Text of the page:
Open space advocates are eagerly anticipating the sale of a Weed Street property that could lead, if all goes well, to the creation of a pedestrian path connecting Irwin Park to the New Canaan Nature Center.
If things pan out as they hope, New Canaan could see a “greenway” from the woods out back of the Nature Center, through New Canaan Land Trust property and all the way to Weed Street and Irwin Park (which itself may eventually connect via sidewalk to the top of Elm)—in other words, a walk-able loop encompassing the heart of downtown New Canaan and all those town treasures along the way.
All that’s needed is the transfer to the town of a strategically placed 425-foot strip of land that’s about 15 to 30 feet wide (see map detail at right), according to New Canaan Land Trust Board of Trustees President Chris Schipper.
Right now, that strip is part of a property at Weed Street near the intersection of Wahackme that has been on the market for a little over one year.
Asked about the status of the property, listing agent Susan Blabey of William Pitt Sotheby’s International Realty confirmed that there’s an accepted offer and declined to say more, citing the owner’s privacy and the fact that the deal is not yet done.
If the sale does go through, here’s an outline of one way the greenway would come to fruition:
- The new owner wants to subdivide.
- Planning and Zoning makes it a requirement of subdivision that some land be set aside as open space.
- That set-aside includes the necessary strip.
The president of the Nature Center’s board of directors, Skip Hobbs, said he has “great interest in meeting with the purchaser.”
“If the purchaser is a developer that was to subdivide it, I think it could be a win-win for everybody, if we could come up with a nice plan of development that provides a strip of land that would enable us to create a walking pathway between the Nature Center and Irwin Park,” Hobbs told NewCanaanite.com. “This fits in with the long-term Plan of Conservation [and Development] and the vision that a number of us have had for many years, of creating these green links.”
Hobbs added that it would behoove the prospective new owner to make that very set-aside part of an initial site plan to subdivide—not only because it likely would accelerate the approval process, he said, but also because the land would represent far less than the 10 percent the town is entitled to under its zoning regulations.
The relevant rule can be found under “Article 3: Parcel and Lot Requirements” of New Canaan’s Subdivision Regulations, section 3.04 “Open Space.”
It says, in part: “As provided for in [Connecticut General Statutes] section 8-25, every subdivision shall provide for open space in order to … establish greenbelts and other linkages that connect open spaces … Where the open space requirement shall be met through the dedication of land: At least 10 percent of the total area of the subdivision shall be set aside for open space.”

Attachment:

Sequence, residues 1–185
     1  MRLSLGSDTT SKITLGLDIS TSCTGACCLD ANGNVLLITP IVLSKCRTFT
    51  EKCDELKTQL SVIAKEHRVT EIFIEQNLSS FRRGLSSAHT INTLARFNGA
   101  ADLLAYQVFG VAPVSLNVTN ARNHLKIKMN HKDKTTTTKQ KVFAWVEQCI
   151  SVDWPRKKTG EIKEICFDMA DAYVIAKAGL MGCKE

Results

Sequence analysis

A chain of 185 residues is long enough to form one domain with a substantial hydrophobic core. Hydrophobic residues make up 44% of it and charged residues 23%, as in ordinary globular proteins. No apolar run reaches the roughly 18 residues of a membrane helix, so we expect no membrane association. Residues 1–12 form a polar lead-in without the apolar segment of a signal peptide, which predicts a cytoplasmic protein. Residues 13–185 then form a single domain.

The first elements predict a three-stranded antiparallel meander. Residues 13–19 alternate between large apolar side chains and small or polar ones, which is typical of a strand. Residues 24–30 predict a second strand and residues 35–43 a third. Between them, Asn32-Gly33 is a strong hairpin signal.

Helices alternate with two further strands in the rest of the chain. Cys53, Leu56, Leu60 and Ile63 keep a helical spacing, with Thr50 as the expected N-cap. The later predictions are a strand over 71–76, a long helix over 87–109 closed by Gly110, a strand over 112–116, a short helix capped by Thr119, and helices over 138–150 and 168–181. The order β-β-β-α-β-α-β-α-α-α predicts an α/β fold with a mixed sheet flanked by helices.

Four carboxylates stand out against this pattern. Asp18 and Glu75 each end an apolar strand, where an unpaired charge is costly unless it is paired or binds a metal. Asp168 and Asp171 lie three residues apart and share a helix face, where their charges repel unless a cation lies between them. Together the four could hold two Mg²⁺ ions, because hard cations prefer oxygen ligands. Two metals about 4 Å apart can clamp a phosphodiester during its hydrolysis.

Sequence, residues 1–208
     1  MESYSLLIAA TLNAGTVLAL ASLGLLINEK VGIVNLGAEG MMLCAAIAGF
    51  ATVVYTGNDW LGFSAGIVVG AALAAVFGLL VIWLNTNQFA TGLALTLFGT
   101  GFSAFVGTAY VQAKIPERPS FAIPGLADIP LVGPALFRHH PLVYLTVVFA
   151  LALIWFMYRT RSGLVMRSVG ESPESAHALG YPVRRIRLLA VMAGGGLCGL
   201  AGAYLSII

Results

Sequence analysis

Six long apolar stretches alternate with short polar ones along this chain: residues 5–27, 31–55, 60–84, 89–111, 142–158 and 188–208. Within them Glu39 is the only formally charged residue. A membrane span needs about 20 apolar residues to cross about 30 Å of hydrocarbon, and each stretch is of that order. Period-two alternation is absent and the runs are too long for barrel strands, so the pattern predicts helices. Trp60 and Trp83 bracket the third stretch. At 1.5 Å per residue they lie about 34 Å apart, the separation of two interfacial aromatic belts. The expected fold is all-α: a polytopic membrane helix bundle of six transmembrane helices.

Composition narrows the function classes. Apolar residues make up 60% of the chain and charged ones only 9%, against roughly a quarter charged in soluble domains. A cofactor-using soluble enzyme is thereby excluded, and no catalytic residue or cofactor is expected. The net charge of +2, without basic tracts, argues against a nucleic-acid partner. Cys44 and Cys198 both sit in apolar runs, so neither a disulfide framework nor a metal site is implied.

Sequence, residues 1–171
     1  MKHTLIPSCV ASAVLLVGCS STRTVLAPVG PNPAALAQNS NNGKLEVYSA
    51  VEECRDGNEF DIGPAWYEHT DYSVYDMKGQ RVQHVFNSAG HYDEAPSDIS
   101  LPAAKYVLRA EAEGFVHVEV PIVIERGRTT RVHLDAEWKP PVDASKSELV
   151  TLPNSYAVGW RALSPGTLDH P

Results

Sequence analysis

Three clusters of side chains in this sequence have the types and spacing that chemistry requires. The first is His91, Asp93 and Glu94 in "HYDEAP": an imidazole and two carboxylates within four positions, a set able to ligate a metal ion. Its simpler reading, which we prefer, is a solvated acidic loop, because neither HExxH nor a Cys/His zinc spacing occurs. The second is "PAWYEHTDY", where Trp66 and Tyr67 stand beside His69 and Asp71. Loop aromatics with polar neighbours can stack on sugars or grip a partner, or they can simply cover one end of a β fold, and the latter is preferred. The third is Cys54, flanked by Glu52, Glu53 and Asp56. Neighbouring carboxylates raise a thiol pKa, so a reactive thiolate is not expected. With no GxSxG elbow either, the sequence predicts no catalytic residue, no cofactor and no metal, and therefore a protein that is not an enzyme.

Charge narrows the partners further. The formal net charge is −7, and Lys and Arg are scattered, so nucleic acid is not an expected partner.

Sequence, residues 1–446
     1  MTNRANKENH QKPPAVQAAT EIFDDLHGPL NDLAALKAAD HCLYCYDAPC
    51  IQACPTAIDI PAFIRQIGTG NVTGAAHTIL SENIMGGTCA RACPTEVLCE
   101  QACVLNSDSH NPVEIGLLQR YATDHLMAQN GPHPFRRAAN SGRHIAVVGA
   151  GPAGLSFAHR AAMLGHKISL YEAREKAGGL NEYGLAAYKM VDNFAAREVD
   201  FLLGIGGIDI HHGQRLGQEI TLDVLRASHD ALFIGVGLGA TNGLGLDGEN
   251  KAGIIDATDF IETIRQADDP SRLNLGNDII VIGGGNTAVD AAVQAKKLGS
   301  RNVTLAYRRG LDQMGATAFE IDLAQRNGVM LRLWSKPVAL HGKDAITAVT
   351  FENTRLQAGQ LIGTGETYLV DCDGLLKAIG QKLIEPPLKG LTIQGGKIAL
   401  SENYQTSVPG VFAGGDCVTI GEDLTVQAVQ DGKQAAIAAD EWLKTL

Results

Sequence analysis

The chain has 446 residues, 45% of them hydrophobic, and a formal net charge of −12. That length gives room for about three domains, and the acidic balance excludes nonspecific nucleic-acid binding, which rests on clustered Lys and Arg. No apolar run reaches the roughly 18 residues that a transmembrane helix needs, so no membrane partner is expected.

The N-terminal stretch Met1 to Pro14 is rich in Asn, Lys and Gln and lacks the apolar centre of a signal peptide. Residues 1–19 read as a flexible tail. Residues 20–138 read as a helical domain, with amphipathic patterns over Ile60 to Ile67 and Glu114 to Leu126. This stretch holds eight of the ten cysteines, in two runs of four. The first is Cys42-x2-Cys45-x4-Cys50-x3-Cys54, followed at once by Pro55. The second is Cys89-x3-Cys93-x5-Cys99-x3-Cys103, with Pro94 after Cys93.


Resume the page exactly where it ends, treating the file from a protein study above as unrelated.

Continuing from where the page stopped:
Asked about the provision generally, unconnected to this particular piece of land, Town Planner Steve Kleppin told NewCanaanite.com that P&Z also is empowered to waive the requirement.
Schipper said if the set-aside was granted, “it would then make it possible for the town, in concert with the Nature Center and Land Trust, to build a small elevated walkway—because there are wetlands there—across the wetlands and onto firmer ground, and that would allow people to walk from Irwin Park across to the Nature Center.”
“That would be a great asset to the Nature Center,” Schipper said. Support would be needed from the town, funding from the Nature Center for the walkway and permission from the Land Trust to cross its land, he said.
“The Land Trust would see value in allowing that in its role, because the land trust now is the successor organization of the New Canaan Bridle Path Association, Green Links Association and New Canaan Audubon Society, so walkways and links are part of our mission now,” Schipper said.
The prospect of the greenway is only possible because of generous donations of private land by property owners in that area, starting about 40 years ago, Schipper said. One included five acres of total property, broken across two separate lots, in 1974. Another two acres came in that same year, in a piece of property that adjoins the Nature Center, he said. Finally, in 1977, another one acre in that area was donated by a private property owner, Schipper said.
Efforts to create such greenways go back many years, including to an organization created and led by town resident Dick Bergmann, Hobbs said. Efforts in more recent years to purchase the strip of land were unsuccessful, in part because of dim fundraising prospects amid competing capital projects in New Canaan, Hobbs said.
Hobbs noted that it’s critical, if the greenway vision is to be realized, that Planning & Zoning Commission and the purchaser reach an agreement. Given the size of the lot, Hobbs estimated that three or four houses could be built on subdivided property.
“We cannot force an agreement, but I would hope that the purchaser is conservation-minded,” Hobbs said. “And frankly, if I was the owner of one of the houses, I would think it’s a benefit to buying a house there that I would have immediate access to a wonderful walking trail around town.”